Now the "U.S." Justice Department is "investigating" the crimes of these lenders, but it will only go so far. If perchance we somehow regain democratic (not the same thing as "Democratic") control of the various legislative bodies, the executive branch of the Federal government, the judiciary, and the mass communications media, these lenders and their enablers can be included in the numbers of the members of the Bush criminal organization when the prison gates open for them (and then shut, for good).
And on a couple of other subjects:
The beat goes on
[Read the article: Obama should be proud to be named Hussein]
[Read more letters about this article: Here]
And let's not forget the great tabla player Zakir Hussain, best known for his collaborations with Grateful Dead drummer Mickey Hart. He also was part of Shakti, the great fusion band from the '70s. I saw him perform once with "Indian" flutist Hari Prasad Chaurasia in 1986. One wouldn't think that flute and tablas would go together, but it was the most mesmerizing concert I have ever been to. If you weren't spiritually inclined before this experience, you would be forever afterward.
Zakir Hussain was born and raised in India, the son of the great tabla player Ustad Alla Rakha, who was the longtime accompanist to Ravi Shankar. For a brief introduction to his playing you can do a search on YouTube.
It is worth mentioning that in "Indian" classical music, "Hindus" and "Muslims" play together blissfully and with great talent and skill, and before audiences worldwide.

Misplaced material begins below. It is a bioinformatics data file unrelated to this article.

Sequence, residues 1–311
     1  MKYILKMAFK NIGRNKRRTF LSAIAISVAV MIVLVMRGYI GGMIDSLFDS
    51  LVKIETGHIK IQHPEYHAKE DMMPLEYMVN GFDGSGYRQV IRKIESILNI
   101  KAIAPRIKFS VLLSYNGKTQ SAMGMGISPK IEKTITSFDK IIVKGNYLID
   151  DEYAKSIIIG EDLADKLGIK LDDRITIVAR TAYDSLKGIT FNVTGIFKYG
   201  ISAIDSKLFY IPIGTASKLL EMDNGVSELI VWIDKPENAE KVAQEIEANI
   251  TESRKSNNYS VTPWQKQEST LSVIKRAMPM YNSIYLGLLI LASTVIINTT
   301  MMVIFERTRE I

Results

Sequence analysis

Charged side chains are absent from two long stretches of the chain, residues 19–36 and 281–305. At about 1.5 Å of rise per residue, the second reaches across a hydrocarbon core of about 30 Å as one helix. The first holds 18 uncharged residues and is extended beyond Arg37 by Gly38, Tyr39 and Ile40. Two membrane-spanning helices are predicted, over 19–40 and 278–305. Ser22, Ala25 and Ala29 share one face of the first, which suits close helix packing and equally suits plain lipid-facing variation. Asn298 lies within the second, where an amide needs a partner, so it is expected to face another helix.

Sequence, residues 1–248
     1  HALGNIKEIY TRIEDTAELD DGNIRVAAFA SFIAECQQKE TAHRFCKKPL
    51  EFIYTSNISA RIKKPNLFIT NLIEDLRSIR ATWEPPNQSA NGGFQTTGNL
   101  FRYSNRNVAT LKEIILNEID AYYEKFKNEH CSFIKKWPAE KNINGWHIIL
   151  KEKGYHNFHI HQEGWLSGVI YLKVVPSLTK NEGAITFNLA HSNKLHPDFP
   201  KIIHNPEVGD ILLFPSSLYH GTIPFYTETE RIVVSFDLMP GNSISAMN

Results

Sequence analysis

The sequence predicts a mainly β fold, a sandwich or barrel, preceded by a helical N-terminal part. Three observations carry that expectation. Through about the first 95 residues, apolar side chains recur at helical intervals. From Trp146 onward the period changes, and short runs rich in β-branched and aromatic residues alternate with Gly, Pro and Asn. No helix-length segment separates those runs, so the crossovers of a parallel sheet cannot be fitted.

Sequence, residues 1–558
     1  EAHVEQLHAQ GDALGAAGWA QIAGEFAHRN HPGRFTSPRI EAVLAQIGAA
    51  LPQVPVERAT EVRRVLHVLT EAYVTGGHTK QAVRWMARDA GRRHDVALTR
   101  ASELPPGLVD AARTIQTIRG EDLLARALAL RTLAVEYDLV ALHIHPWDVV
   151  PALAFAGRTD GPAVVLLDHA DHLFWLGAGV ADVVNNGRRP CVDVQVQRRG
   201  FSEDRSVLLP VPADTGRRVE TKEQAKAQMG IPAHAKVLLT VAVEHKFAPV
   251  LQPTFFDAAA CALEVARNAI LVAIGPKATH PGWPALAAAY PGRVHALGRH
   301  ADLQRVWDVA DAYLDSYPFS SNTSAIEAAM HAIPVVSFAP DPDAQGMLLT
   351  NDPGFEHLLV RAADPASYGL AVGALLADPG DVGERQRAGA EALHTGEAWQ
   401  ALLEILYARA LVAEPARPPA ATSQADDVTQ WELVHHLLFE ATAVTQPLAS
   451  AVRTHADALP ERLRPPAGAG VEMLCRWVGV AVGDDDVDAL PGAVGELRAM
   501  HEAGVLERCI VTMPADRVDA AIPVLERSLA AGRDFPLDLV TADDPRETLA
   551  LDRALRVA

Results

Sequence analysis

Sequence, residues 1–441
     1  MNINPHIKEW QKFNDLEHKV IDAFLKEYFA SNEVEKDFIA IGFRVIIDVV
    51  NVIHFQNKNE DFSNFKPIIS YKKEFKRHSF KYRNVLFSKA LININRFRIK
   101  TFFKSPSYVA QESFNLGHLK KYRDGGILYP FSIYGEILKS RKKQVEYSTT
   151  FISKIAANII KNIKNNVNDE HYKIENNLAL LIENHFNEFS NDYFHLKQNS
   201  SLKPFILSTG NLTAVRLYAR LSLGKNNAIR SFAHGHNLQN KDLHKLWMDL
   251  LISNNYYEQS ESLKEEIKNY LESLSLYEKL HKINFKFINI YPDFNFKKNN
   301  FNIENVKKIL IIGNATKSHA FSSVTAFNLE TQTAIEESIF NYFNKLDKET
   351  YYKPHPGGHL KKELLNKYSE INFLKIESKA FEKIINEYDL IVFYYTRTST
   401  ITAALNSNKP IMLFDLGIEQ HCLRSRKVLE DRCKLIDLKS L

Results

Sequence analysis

I suspect some good will come of this. Maybe, as part of the war crimes trials that await the Bush criminal regime, the history of the relationship between Saddam Hussain (Hussein) and the CIA, Donald Rumsfeld, various "Republican" regimes, and "defense" contractors will be revealed. If Hussain is such a bad name, why was it so good for so many of our political and corporate elites for so long?
Permalink Thursday, February 28, 2008 10:46 AM
[Read HappyJack's other letters]
I'm so glad
It would be great if Eric Clapton goes to "North Korea." I have found him to be a bit of a disappointment ever since Fresh Cream, one of the greatest albums of all time. Since then his work can best be described as "technical blues" or "recitation of the blues" (quoting myself). All technique, no heart.
Now he can far surpass grandstanders "Bono" and Geldof, doing something that can be a start to genuine change in the region. The "North Korean" regime can last indefinitely while it is isolated, but how do you keep 'em down on the farm, once they have seen Eríc?
Another way of looking at it is in terms of "Chaos theory," in which any phenomenon can have far-reaching and unpredictable consequences. It's worth the chance that the effects will be strong and positive. It may be culture shock for the "North Koreans," but Clapton and company will likely have the attitude, in the immortal words of that great sage Mick Jagger, "If you want some blues, I'll play some blues. Otherwise, get the hell out of here!" (Stadthalle, Frankfurt, Germany, June, 1971)
It will be great looking at the concert on YouTube. "North Koreans" doing a little "Rollin' and tumblin'." Priceless. I hope it lasts from four until late.
Submitted by JAH on February 27, 2008 - 5:22pm.
A couple of songs by Iris Dement make good accompaniment to this post: Wasteland of the free and On the wings of a dove. Here's the original Ferlin Husky version.
Just for a little fire, here's Neil Young and Pearl Jam.
A little Cream never hurt anyone.
And let's not forget The Who.
Ah, what the heck. How about a little Traveling Wilburys?